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TMA02 DSE212. I intend to explain what we can learn about the relationship between the brain and behaviour using the case of Phineas Gage

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Introduction

´╗┐DSE212: Exploring Psychology Ryan Fortescue (B3480587) TMA 02 Part I In this assignment I intend to explain what we can learn about the relationship between the brain and behaviour using the case of Phineas Gage to highlight their connections. I will then continue by describing methods such as invasive and non-invasive techniques used by psychologists to supplement our knowledge of this relationship. Brain damage or lesion to a particular region of the brain has provided psychologists a major source of evidence on establishing a relationship between the brain and behaviour. Phineas Gage was an American railroad construction foreman now remembered for his improbable survival of an accident in which a large iron rod was driven completely through his head, destroying much of his brain's left frontal lobe, and for that injury's reported effects on his personality and behavior, see figure 1. Phineas Gage influenced 19th-century discussion about the brain and was perhaps the first case suggesting that damage to specific regions of the brain might affect personality and behavior. It was the very nature of his condition after the accident that sparked a debate that the usual function of the brain had been disturbed. Noted changes in his normal behavior had occurred. According to sources after his accident he became obstinate, egocentric and capricious, and he also started to use foul language (Macmillan, 1986 as cited in Toates, 2007). ...read more.

Middle

Word Count 1042 References Macmillan, M.B. (1986) ?a wonderful journey through skull and brains: The Travels of Mr Gage?s tamping iron?, Brain and Cognition, vol.5, pp.67?107. Miell, D., Pheonix, A., Thomas, K., Toates,F. (2002) Mapping Psychology (2nd Edition 2007), Milton Keynes, The Open University. Raine, A., Buchsbaum, M. and LaCasse, L. (1997) ?Brain abnormalities in Murderers indicated by positron emission tomography?, Biological Psychiatry, vol.42, pp.495?508. Toates, F. (2001) Biological Psychology: An Integrative Approach, Harlow, Pearson Educational. Wall, P.D. (1993) ?Pain Figure 1 (Historical Diagram (uncited) obtained from Internet, http://en.wikipedia.org/wiki/File:Phineas_gage_-_1868_skull_diagram.jpg 2009) Self-Reflection I did enjoy this assignment, but because of personal issues I did fall behind on my studies and the first part of the assignment was more rushed than I would have preferred. I am still finding referencing difficult. Part II Question 1 1. The two variables shown are ?Nutritional Rating of Packed Lunch? and ?Mean Response Time per Slide in Milliseconds. 2. (ii) Negative. 3. (iii) Medium. 4. (iv) Speed of responding in a distraction task in the afternoon is a fair predictor of the nutritional quality of a child?s packed lunch. 5. (i) Positive ? There appears to be over +0.9 relatable correlation i.e. as one of the variables increase so does the other. 6. If known, the parents may have deviated from their normal pattern of behaviour. Parents who would not normally provide a packed lunch high in nutritional value may have done so for an impression of the norm resulting in all the children participating with similar lunches. ...read more.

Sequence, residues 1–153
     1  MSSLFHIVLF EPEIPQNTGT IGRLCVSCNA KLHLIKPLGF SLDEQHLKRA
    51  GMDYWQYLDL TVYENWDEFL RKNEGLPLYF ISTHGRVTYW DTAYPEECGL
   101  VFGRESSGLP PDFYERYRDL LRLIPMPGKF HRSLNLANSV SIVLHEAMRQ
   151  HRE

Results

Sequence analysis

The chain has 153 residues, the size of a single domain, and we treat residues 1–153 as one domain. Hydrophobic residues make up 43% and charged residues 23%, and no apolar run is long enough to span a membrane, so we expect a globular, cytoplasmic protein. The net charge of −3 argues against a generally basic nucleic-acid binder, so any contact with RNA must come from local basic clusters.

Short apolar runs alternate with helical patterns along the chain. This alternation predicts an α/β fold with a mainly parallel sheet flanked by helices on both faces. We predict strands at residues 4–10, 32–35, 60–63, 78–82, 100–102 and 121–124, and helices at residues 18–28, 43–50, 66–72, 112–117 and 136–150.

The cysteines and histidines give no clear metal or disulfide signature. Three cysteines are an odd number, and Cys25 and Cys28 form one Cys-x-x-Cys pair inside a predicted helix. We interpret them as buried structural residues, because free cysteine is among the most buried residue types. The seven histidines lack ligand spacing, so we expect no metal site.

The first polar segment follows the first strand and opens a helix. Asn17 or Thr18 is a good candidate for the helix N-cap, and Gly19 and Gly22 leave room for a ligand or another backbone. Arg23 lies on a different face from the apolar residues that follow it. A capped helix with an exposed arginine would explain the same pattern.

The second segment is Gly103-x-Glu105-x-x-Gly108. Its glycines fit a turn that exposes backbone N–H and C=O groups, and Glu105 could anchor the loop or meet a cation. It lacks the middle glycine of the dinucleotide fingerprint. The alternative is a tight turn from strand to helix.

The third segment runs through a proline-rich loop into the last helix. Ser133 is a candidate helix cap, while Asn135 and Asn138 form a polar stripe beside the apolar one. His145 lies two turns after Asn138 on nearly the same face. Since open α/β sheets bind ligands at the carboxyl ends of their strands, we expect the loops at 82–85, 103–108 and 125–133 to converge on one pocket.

Conclusion

The information will be presented to the participant using the same format, printing style and typeface, conferring with other participants will also be made difficult by this. Experimenter effects ? this will be minimised by having no-one else in the room with participants. Experiment assistants will be given the envelope each day in random order and will not be aware of which set of words have been issued to the participant. The participant will remain anonymous and will be identified by an assigned number on the envelope. Once the assistant has left the room the participant will open the envelope and will begin when signalled to do so by indicator placed in the room. When signalled to end after five minutes the participant will seal the words back in the envelope and return in one hour to complete the test. The experiment assistant will then attach the answers provided to the envelope and return to me ? thus allowing for double blind testing. Differences in participants over time ? Although testing will be done over three days, the test itself is relatively short. This will avoid fatigue and boredom. Setting the time every day at noon for the experiment will help establish routine and hopefully behaviour of the 10 participants over the time period. There are also enough participants to reduce individual differences. The random allocation of the independent variable will also help reduce this. Figure 1: Front and lateral view of the cranium, representing the direction in which the iron traversed its cavity. (Wikipedia 2010) ...read more.

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